MOUNTAIN VIEW, CALIF. -Personal video recorder company ReplayTV said it will no longer market hardware and services for its hard-drive-based video recording system directly to consumers, and will instead focus on licensing its software, technology and program listings services to cable operators and other consumer electronics manufacturers.
In shifting to a business-to-business approach, ReplayTV will let manufacturer partners, including Panasonic, build and market ReplayTV set-top recorders and services. ReplayTV will concentrate on offering its technology to digital video service providers, such as cable system operators and direct-to-home satellite operators who wish to distribute their own integrated decoder boxes with hard-drive recording features.
ReplayTV is currently beginning market trials of its service with AT & T, Time Warner Cable and Comcast services, offering a "two-box" solution, according to a ReplayTV spokesman. If approved, cable operators are expected to integrate the recording components into their own digital cable decoder boxes.
Additionally, ReplayTV announced it is working with Motorola and Charter 5000 on a "Project Disco" cable box that incorporates ReplayTV digital recording technology.
The company continues with direct broadcast satellite providers to have the system incorporated into satellite decoder boxes.
ReplayTV's announcement did not appear to have any immediate impact on the prospects of Panasonic's ShowStopper hard-drive recorder products. A spokesman for Panasonic parent Matsushita said the company will continue to sell and promote the Panasonic ShowStopper device with service from ReplayTV.
Additionally, Sharp, which had shown a prototype ReplayTV recorder at last year's CES, said it continues to negotiate with ReplayTV on delivering a product under the Sharp label.
"We still have a letter of intent to produce ReplayTV products, but have not been able to reach a business agreement that made sense," said Bob Scaglione, Sharp home digital division associate VP. "I think their latest decision will be positive for our relationship with them. We believe their restructuring will give them an opportunity to work with us on a proposed new model that will be positive for both of our companies."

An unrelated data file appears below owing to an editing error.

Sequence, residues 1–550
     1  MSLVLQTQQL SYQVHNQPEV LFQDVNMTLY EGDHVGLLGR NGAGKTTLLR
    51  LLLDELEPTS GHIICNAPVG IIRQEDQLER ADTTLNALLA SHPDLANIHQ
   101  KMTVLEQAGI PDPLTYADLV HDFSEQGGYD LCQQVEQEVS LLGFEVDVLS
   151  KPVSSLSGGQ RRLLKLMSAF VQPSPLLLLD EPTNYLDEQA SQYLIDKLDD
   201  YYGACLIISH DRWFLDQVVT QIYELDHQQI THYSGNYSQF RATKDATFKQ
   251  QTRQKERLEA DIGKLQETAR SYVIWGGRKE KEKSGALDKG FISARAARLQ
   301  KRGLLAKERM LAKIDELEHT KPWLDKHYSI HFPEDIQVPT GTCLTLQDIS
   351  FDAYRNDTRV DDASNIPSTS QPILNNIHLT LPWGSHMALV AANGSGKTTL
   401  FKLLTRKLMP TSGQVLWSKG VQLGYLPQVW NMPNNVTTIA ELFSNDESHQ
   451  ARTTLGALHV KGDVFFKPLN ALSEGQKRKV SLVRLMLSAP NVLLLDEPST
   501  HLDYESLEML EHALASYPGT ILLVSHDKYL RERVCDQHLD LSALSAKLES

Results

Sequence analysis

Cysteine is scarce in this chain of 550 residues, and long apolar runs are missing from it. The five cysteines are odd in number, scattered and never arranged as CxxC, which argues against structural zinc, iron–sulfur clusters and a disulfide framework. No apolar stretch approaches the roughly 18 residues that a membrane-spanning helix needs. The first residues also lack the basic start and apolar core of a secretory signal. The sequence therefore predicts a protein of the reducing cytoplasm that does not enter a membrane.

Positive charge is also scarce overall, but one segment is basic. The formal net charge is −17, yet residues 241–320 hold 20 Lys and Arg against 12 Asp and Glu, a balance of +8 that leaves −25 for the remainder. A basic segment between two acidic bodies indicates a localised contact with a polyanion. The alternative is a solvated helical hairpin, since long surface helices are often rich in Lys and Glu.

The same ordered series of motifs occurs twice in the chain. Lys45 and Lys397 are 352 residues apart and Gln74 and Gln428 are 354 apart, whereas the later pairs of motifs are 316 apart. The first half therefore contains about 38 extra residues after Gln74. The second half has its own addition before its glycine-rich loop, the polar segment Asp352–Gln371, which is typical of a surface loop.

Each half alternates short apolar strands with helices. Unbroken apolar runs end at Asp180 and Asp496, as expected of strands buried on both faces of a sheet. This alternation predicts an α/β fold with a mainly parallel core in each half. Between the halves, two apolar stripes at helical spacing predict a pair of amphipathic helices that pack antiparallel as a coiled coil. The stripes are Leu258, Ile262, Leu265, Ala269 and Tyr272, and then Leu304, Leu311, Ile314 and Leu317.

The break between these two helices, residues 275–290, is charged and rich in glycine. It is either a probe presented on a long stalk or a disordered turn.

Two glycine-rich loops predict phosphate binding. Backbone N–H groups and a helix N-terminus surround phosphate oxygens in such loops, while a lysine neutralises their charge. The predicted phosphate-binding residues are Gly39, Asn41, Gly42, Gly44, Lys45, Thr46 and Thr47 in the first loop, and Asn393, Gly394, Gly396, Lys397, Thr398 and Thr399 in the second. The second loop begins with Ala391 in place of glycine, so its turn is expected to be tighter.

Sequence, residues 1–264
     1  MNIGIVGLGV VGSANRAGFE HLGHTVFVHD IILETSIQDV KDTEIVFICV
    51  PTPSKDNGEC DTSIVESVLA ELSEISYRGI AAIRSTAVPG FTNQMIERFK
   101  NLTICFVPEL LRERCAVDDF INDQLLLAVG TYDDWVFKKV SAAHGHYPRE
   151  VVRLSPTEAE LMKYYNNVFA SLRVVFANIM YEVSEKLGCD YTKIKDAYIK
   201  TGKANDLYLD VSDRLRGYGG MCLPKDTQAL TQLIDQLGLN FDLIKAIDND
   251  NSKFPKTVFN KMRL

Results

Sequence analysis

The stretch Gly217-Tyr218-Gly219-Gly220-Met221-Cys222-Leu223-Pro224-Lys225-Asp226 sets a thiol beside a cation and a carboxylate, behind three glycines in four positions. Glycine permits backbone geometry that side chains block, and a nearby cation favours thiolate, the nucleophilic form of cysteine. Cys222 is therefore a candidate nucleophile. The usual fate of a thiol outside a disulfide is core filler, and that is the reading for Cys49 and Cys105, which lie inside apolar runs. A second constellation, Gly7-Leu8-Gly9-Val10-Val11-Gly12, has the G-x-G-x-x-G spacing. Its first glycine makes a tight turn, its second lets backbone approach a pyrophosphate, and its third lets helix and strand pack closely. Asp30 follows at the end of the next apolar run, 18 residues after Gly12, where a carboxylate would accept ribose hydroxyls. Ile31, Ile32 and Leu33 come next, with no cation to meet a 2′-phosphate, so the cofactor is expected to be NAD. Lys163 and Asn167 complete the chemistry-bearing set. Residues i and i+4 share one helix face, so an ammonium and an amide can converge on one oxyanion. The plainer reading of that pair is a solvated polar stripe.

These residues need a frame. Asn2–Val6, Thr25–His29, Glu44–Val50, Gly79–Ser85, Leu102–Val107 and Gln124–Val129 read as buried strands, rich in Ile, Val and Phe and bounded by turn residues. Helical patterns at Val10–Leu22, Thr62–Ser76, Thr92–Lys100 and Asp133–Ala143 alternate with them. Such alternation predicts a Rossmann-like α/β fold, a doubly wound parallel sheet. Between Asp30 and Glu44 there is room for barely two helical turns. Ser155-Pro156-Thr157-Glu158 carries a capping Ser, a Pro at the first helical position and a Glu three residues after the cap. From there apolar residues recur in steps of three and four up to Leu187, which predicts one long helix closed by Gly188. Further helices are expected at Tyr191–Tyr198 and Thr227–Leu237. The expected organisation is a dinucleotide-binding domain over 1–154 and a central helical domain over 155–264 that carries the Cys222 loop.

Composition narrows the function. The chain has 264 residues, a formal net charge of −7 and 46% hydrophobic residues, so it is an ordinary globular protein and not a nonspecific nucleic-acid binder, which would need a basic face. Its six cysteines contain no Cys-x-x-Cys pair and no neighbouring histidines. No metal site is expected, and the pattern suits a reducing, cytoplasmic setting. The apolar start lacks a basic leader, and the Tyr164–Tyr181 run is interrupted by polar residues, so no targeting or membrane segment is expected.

Scaglione could not elaborate on that new "business model," but he added, "this will help. It's still a great technology. We've always loved the service and product."
ReplayTV said the retail portion of its business was losing money at the same time that cable and satellite TV operators, which represent the next level of business expansion for the hard-drive recorder market, were looking for more control over their personal recording services.
ReplayTV had sold set-top recording devices under its own brand for the past year through its website and other e-commerce partners, including Amazon.com, while Panasonic sold ReplayTV-enabled set-top recorders under its brand through brick & mortar retail accounts.
A slower than expected rollout and a strong marketing campaign from rival TiVo contributed to the system's early challenges. Some analysts estimate it had garnered only about 30,000 users to date.
Even TiVo, which reported only 75,000 subscribers at the end of September, has also experienced slower-than-anticipated acceptance of its personal video recorders, which are offered by Philips, Sony and others, due in large part to difficulty in communicating the complex concept and benefit to consumers.
TiVo recently began offering new recorders integrated with set-top satellite decoders for the DirecTV platform and expects to get a boost in awareness from related advertising and marketing campaigns.
Meanwhile, Microsoft is preparing to roll out its UltimateTV hard drive recorder products, which integrated WebTV terminals and satellite decoders for the DirecTV system. It has offered a similar device called DishPlayer through EchoStar for almost two years. EchoStar said that device has enjoyed very strong acceptance, leading many industry observers to believe that the devices are most compelling as an adjunct to digital video services.
But where TiVo and Microsoft have linked primarily with satellite services to date, ReplayTV appears to be focused on licensing its technology to cable TV operators who wish to provide their own personal video recording services to their subscribers. ReplayTV is also stepping aside from selling advertising through its platform.